Thursday, 18 April 2013 12:21


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We have all seen those lovely shots where every droplet of water is perfectly frozen in an action shot - in this issue we show you how to do it, even with your compact camera. But first let’s have a look at how the camera achieves this, because when you understanding how it’s done you can manipulate your camera settings to achieve the result you desire.

The lens focuses the image onto the sensor. The shutter, whether it is mechanical or electronic, then exposes the image on the sensor. The time that the image is exposed is the shutter time. Beware - if there is any movement while the image is being exposed it will show up as a blur. This blur can be caused in two ways - when the subject moves or when you move the camera. Never underestimate the impact of movement as it is introduced very easily. Good photographers develop a stance and shutter release sequence so that they can hold the camera still and so minimize movement. As you zoom in you automatically increase the potential for movement, hence the reason why I suggest rather walking closer to the subject.

Shutter speed is your defense against movement! The faster the shutter speed the less time the image is exposed to the sensor and the less potential for the image to move during the exposed time. So when you zoom in remember to increase your shutter speed to counter movement.

Now let us look at how you freeze the action in that water droplet shot.

To expose correctly you need the right amount of light, and by reducing the shutter speed (namely making it faster) you are effectively reducing the amount of light hitting the sensor. On your camera you will see “Tv” and “Av”. The Tv is the time interval or shutter speed, and in semi-manual mode you can specify the Tv. Set the Tv to 1000, or 1/1000 of a second, that’s how long the exposure will be. Frame the shot and look at the light meter reading and f-stop. The light meter will show you if you have enough light and what f-stop the camera will automatically select. If you need more light you can do the following:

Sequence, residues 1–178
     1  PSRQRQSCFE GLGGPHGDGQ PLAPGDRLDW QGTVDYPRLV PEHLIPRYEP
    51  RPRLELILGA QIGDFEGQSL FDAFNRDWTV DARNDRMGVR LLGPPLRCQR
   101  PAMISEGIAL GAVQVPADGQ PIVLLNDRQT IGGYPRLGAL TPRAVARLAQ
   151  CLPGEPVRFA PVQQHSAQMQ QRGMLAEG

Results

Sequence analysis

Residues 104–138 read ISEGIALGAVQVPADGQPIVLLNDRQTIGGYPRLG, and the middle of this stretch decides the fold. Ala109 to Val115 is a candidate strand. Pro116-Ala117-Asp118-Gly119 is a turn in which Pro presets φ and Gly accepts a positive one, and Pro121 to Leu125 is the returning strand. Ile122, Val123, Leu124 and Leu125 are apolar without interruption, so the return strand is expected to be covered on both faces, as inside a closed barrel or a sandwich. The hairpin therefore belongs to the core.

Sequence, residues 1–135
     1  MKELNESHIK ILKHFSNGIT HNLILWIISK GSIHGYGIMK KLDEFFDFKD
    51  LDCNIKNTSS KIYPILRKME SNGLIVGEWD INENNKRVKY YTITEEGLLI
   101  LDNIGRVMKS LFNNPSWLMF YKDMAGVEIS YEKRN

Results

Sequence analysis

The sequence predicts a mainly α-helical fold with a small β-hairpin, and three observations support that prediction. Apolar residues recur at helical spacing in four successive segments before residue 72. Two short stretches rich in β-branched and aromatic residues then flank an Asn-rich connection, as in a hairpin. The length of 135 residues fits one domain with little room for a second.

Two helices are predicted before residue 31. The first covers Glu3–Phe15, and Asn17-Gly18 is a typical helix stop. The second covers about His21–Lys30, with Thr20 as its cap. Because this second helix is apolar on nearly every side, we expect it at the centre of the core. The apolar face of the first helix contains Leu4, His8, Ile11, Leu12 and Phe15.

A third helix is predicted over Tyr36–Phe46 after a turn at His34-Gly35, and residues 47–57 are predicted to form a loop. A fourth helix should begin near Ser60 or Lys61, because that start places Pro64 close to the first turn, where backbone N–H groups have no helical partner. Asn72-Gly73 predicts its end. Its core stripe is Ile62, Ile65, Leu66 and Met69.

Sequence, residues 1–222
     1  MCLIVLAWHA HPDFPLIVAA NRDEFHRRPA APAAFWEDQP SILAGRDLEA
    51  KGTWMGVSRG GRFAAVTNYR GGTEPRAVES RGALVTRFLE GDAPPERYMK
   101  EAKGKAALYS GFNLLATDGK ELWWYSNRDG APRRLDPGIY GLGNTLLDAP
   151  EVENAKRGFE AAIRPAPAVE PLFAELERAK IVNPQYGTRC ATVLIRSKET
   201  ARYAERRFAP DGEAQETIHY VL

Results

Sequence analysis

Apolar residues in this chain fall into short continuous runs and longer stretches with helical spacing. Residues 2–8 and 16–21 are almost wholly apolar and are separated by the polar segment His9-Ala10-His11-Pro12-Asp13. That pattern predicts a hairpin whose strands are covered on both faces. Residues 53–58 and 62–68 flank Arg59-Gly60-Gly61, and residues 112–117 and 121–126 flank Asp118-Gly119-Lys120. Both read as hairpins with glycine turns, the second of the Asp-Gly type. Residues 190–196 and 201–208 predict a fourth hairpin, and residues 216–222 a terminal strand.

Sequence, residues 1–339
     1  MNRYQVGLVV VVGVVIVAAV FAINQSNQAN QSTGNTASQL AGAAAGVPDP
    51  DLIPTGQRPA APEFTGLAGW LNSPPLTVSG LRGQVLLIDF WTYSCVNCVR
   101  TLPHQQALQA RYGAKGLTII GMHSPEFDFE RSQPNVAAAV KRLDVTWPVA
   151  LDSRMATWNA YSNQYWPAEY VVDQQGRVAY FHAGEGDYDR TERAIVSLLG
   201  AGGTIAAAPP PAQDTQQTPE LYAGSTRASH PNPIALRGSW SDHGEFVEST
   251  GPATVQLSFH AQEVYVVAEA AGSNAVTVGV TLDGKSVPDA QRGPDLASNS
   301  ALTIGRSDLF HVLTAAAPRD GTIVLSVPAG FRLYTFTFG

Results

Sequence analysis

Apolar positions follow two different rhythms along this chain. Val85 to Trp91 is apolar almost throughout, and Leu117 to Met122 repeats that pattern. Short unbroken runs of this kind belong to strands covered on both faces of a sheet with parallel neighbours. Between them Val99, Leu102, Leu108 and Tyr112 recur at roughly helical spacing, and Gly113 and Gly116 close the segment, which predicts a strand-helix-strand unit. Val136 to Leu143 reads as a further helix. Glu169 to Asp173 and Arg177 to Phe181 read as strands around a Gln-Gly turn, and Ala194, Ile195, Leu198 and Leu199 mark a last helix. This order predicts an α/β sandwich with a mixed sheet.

• Increase the exposure to 500 or 1/500 of a second. Remember you are now reducing the freezing ability of the shot.
  • Wait for more sunlight or reflect sunlight onto the subject
  • Increase the sensitivity “ISO” but be prepared to have a grainier shot as a result
  • Reduce the zoom as most lenses will allow more light at wider settings

Let’s take a pebble hitting the water. Your camera is set up for 1/1000 sec at f2.8 and ISO200. With this setting you can expect good freezing ability and an ISO 200 gives good image quality. The f2.8 will give a shallow depth of field which means you have to pre-focus carefully on the subject.  The background will be out of focus, which normally is desirable in many compositions. Now it’s all up to you to capture the moment when the pebble hits the water.

Another good use of fast shutter speeds is when you need to use the longer zoom. The fast shutter speed reduces the camera shake that is an increasing factor the longer the lens is. It sounds simple but here is the catch - normally the longer the lens the less light it passes, and with less light you need longer shutter speeds. To overcome this you need expensive “big glass” that will allow lots of light through it. To achieve this, the lenses normally have large glass surface areas. Sports and photojournalists love the 70 to 200mm f2.8 lens with the emphasis on the f2.8. If you are stuck with a 200mm f5.6 lens that allows you a shutter speed of only 1/125, just mount it on a tripod and look at the quality difference in your images. If you do not have a tripod at hand look for a suitable sturdy object to stabilise your shot. This could be a fence post, table or branch. Inside the car use the door window but switch off the car to remove the engine vibration. A good idea is to use a sandbag to rest the camera on.

One last thing - it is not always desirable to stop all the action and sometimes the blur on parts of the object actually assists in the composition of shots. For example an aircraft in the air with a perfectly stopped prop just does not look natural, unless the occupants have a terrified look on their faces giving significance to the stopped prop!

Read 887 times Last modified on Wednesday, 22 May 2013 10:32

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